After the sold-out Friday night crowd in Neumos had filled out and the anticipation had sufficiently thickened, Tame Impala’s four members casually sauntered on stage. With their unkempt hair, slackened posture, and unassuming demeanor, they were the epitome of “chill,” and without saying a word they plowed through “It’s Not Meant To Be” and “Solitude Is Bliss,” two favorites off their acclaimed full-length debut Innerspeaker. They sounded amazing, but their somewhat blasé note-for-note recreations of the songs’ recorded versions got me thinking how they had been touring for a long time, and that we might be in for a breezy, no-surprises run-through of their album. Fortunately, I couldn’t have been more wrong, as they ended up putting on a tour-de-force of psychedelic guitar rock, showing no signs of road-weariness and leaving just about everyone in the building nearly speechless in amazement.
Portland drums-and-guitar two-piece Brainstorm came on as a last-minute replacement for scheduled opener Stardeath and White Dwarves. They played a schizophrenic kind of tribal rock, full of heavy tom use, tropical guitar lines, hand clapping, and spontaneous yelping on the part of drummer Adam Baz. The duo were young, confident, and more than ready to step into the leadoff slot on short notice. After they finished Baz let the audience know that their 7” was for sale at the merch table along with toothbrushes. “Patrick’s dad is a dentist,” he explained.
While Tame Impala started off their set rather, dare I say, tamely, the rest of the night revolved around lengthy and impressive psychedelic jams they framed within the context of other Innerspeaker favorites such as “Lucidity,” “Expectation,” and “Desire Be Desire Go.” Some of these instrumental digressions were spacey and weightless while others were more intense and concentrated, featuring heavy, throbbing bass lines and distorted guitar riffs. Eventually they’d transition from jamming back into the song they had initially started playing, and lead man Kevin Parker’s airy voice would soar above the instrumentation as they brought the song to a satisfying end.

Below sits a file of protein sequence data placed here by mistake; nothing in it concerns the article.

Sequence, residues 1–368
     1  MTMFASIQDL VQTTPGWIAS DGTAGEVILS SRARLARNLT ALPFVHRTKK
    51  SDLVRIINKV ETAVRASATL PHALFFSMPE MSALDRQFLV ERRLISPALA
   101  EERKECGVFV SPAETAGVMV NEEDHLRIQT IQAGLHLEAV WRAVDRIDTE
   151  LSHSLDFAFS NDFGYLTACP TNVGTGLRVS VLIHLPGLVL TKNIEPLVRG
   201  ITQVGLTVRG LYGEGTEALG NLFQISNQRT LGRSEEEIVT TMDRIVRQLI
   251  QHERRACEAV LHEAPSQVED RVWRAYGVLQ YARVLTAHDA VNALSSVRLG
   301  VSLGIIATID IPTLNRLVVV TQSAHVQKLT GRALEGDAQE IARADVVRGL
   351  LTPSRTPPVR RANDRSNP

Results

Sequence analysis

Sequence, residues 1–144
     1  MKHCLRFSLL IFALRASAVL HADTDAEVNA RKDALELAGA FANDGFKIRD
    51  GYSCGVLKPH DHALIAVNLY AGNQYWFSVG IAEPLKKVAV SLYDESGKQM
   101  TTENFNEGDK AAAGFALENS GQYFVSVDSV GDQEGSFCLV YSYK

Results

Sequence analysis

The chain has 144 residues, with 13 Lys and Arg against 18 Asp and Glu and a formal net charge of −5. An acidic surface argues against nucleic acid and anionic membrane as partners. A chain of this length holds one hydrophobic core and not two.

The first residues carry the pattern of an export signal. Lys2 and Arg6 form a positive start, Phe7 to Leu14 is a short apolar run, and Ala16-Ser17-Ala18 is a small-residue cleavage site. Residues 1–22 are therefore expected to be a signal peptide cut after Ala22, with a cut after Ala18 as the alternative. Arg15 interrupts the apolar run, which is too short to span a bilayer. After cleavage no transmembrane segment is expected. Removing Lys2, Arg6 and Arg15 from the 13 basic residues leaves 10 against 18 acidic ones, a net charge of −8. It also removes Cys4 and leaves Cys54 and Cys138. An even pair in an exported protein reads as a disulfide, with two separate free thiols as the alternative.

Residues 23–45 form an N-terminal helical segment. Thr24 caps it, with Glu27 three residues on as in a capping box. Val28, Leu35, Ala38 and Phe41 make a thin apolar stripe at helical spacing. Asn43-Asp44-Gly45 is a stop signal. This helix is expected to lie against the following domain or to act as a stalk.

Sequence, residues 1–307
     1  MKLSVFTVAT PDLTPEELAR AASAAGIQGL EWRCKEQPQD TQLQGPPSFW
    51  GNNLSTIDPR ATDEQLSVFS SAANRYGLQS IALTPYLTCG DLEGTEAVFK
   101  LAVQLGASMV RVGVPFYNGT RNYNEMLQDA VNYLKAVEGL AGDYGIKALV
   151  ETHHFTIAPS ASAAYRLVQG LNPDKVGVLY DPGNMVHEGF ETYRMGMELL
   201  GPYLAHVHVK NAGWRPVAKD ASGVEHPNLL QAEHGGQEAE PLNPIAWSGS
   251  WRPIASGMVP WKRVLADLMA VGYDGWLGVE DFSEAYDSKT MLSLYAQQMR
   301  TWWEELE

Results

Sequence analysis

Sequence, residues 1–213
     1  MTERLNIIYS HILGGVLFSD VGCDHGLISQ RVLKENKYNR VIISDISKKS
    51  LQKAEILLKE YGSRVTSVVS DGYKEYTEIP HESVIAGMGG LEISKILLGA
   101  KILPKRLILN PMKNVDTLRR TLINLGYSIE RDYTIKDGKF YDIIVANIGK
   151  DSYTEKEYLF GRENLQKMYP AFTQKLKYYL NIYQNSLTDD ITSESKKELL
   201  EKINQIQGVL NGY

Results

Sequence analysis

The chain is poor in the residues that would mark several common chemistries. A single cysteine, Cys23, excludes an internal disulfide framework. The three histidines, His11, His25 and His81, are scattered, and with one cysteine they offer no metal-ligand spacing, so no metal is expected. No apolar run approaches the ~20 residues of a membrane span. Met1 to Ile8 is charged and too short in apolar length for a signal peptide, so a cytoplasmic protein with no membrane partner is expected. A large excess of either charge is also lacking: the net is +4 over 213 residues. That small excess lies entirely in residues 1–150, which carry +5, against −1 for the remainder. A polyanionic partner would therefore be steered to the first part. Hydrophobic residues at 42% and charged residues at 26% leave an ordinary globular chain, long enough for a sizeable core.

Tame Impala’s masterful use of various effects boxes and pedals might have been the most impressive part of the show. They were able to create fully textured, living-and-breathing psychedelic soundscapes through fuzzy, sonar-like pings, watery propulsions of sound, swelling and subsiding guitar tones, and reverb that wasn’t too overbearing. From one jam to the next they took the audience from feeling like they were floating through space, to off-roading through the outback on acid, to traversing the ocean floor in a some sort of supernatural sci-fi epic. They covered all the psychedelic bases.
After playing a heavenly cover of “Angel” by Massive Attack, Parker matter-of-factly told the audience that they didn’t know any encores, so they weren’t going to play one. Instead they finished off the set with an extended medley of parts of different songs, mostly from their EPs, amidst a series of building instrumental jams.
It’s always a treat when a band blows you away in a way that simply isn’t possible through headphones alone. Despite how laid-back and nonchalantly they carried themselves, it was clear that Tame Impala relished performing live, and that rocking out in front of an audience is something they take pride in. After we left I was informed that they were apparently even more comfortable on stage than I had thought: they played the entire show barefoot.